The gotcha is the American political game. A quite popular one in Louisiana too.
Today, we find one of the most popular elected officials from Louisiana in boiling hot “gotcha” waters.
Steve Scalise, Congressman and Majority Whip, the third most powerful person in the lower house, is the “gotched”.
Partisans from the right and the left are fighting the latest war of the gotchas.
Scalise has acknowledged speaking to a group that was associated with David Duke in 2002, Euro. That group was another one of the Duke groups formed to preach anti-black and anti-white philosophies.
Scalise also said he does not remember giving the speech.
Those on the right claim there is no issue, just a Democratic liberal slam-job being pushed by local and national media groups and donkey-insiders.
Those on the left claim Scalise is joined at the hip with far-right racist organizations, thus, he should not be House Whip. Some even are claiming he should step down from Congress and do a Bob Livingston post-scandal.
I feel confident some Republican Congressional leaders want this matter a million-miles behind them. Their party is claiming a new start, one with a bigger tent. The third-ranked House official having Duke on his shoes would hurt that profile.
The news channels are breaking stories and dredging up the ghosts of racists past.
This is what we now know based upon media reports:
As per the Washington Post, Scalise was close to the top David Duke political point-person, Kenny Knight. According to Duke himself, Knight kept Scalise informed about Duke’s issues.
Scalise said he gave numerous speeches at that time about the same issues government waste, slush funds, in this one related to HUD. However, he does not remember that speech at the Landmark Hotel in Metarie, a suburb of New Orleans.
So, putting aside the rhetoric of many from the far-left and the far-right who use controversies as a sport, here are the issues I see at this time:
Did Scalise have prior knowledge about the Duke-related connections to Euro? Even assuming he knew about the group’s purpose, should that cause Scalise to be disqualified from his Whip position?
At this point, based upon the information before me, there is maybe some evidence that Scalise might have known the organization’s background, but the evidence does not preponderate against him. Claming he should have known does not mean he knew. Guilt by association does not do it. Much more information, would be needed to conclude that more likely than not, Scalise knew. A shipload of details would be needed to conclude that he actually knew.
How would we get more details? Well, here are some questions I have. Who invited him to the event? Was it Kenny Knight or someone else that was publicly associated to Duke?
Then, there is perhaps the larger issue—assuming he knew about the group’s purpose, should that cause Scalise to be disqualified from his Whip position?
No. This event was twelve years ago. Scalise is conservative but so far, there are no skeletons of racist connections. I have known Scalise for roughly 20 years. I met him when he called me about attending an event at my synagogue about a welfare reform forum I headed. Did he have an interest in issues related to race? Probably. Enough of an interest to attend an event about welfare reform given on a Sunday morning at a Synogogue. But, there are no records that he has uttered the N-word, that he has belonged to any of those fringe organization, that he sold anti-black or anti-Jewish books out of his house, like Duke did. African American Congressman from New Orleans, Cedric Richmond has said there is not a racist bone in Scalise’s body. to me, that says a lot. Personally, I have no reason to believe there is or there ever has been a racist bone, muscle or ligament.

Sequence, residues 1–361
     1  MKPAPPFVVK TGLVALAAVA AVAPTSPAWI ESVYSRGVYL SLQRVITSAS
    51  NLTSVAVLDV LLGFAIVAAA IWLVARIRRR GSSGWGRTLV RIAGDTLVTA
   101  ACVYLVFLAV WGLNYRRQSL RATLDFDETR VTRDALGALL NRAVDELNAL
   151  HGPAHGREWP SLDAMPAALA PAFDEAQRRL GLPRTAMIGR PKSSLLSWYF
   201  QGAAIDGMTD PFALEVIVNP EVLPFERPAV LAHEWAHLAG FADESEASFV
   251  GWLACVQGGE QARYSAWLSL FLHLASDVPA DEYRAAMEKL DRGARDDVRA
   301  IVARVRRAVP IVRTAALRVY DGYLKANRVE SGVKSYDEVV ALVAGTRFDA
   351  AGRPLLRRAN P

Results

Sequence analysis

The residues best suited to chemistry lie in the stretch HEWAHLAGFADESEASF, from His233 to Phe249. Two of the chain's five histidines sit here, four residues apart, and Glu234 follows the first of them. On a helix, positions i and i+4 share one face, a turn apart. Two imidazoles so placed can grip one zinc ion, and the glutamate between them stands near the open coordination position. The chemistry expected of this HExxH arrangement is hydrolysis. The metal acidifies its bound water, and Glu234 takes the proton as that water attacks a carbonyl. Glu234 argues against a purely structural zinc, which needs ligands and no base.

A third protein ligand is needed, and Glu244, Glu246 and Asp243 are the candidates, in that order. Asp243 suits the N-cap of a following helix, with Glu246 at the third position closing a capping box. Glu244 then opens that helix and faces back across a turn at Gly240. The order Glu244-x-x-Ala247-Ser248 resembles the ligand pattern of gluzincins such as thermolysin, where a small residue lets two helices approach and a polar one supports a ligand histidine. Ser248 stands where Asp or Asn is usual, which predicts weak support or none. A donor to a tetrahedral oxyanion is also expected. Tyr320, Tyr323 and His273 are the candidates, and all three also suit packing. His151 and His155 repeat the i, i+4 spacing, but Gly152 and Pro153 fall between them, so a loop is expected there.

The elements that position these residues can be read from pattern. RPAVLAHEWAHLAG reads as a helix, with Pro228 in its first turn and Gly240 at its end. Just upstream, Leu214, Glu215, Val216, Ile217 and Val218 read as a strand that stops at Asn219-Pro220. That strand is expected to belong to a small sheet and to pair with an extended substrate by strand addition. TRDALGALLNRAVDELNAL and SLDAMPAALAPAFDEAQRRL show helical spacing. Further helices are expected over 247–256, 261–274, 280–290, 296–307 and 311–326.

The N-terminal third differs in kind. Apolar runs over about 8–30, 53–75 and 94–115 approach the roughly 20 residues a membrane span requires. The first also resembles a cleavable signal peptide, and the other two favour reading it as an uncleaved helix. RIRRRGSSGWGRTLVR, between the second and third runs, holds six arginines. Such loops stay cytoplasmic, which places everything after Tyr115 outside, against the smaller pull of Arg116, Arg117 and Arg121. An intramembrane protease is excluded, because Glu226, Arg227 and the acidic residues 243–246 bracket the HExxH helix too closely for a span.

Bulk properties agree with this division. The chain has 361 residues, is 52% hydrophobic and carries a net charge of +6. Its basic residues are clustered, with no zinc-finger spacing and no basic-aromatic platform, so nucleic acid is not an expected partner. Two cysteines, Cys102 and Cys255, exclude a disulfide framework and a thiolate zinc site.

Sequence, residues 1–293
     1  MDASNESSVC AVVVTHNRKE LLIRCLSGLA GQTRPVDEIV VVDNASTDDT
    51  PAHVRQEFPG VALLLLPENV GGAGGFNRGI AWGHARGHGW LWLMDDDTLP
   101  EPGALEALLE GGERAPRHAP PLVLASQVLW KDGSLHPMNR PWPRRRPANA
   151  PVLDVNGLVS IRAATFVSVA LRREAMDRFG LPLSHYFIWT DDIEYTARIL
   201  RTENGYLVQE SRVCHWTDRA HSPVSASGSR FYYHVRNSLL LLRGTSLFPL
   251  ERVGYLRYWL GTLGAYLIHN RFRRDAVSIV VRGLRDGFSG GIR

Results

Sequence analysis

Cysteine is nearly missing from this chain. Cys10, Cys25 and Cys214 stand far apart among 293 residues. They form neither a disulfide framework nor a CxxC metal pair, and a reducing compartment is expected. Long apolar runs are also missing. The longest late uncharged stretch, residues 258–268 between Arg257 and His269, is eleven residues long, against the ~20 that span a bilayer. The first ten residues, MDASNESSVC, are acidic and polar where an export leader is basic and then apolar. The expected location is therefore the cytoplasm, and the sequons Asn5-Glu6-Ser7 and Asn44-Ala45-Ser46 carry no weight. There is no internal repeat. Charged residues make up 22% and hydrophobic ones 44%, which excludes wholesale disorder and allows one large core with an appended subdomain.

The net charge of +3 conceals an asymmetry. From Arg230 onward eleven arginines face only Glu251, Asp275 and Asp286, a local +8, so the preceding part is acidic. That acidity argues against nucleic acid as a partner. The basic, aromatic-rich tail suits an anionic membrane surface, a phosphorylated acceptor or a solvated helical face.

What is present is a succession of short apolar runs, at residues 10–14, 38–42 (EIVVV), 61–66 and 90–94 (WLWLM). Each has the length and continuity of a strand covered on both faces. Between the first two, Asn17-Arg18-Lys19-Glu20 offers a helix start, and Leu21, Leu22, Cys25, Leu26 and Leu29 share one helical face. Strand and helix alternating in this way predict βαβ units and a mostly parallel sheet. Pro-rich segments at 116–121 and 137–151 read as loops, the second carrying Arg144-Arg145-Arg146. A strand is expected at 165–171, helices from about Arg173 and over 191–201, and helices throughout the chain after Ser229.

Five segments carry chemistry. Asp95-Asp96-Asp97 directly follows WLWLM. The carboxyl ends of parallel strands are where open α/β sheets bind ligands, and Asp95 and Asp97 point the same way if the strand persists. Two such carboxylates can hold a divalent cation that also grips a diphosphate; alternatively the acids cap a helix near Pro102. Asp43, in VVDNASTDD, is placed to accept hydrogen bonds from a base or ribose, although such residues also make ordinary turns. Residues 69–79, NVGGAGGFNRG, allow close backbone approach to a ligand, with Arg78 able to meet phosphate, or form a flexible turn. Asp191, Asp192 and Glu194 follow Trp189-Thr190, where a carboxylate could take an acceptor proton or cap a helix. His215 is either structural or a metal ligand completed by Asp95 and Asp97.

The decision would also be up to the Republican House leadership, not us. They need to decide if Scalise is too much of a liability for a new House trying to present a different image from that of the past.
Should we conclude this is liberal dirt being thrown at a top Republican leader? Not really. True, the story originated from liberal sources. So what? Instead, how about our keeping an open mind and gather more facts, not automatically dismiss or accept them because they impact our partisan political views of the world.
There is, however, one issue I believe to be important--does Scalise remember the event? Scalise has told the media that he does not remember the event. Ok. I accept him at his word. But, i have questions nonetheless. Questions such as how many times did he speak at the Landmark Hotel? When did Duke’s speech take place? Duke’s address was transmitted by new technology video conferencing. Did Scalise see it? Did he know Duke spoke at the event? Was Kenny Knight at the event?
Logic and our own past experience tells us that this would have been an event he would now recall. While i accept him at his word, my gut feeling is he should have remembered the event. We know he admits that he spoke to the group. How could he remember his speaking at the event and not remember the event itself? There are questions, but, so far, no answers.
There are plenty of questions we should ask about some of our elected officials, not just Scalise. Questions such as who made Mary Landrieu’s chartergate accounting errors? How did those occur? Questions such as what work did Bill Cassidy actually do for LSU over the past four years and did he double bill?
Am I a part of the gotcha game? Perhaps. But, there is nothing wrong with asking questions about the people we send to Washington DC or Baton Rouge, regardless as to whether they wear an R or a D on their sleeves.
More so, asking legitimate questions about elected officials even those we like is not just a sport, it is a duty. So are answering the questions, when asked.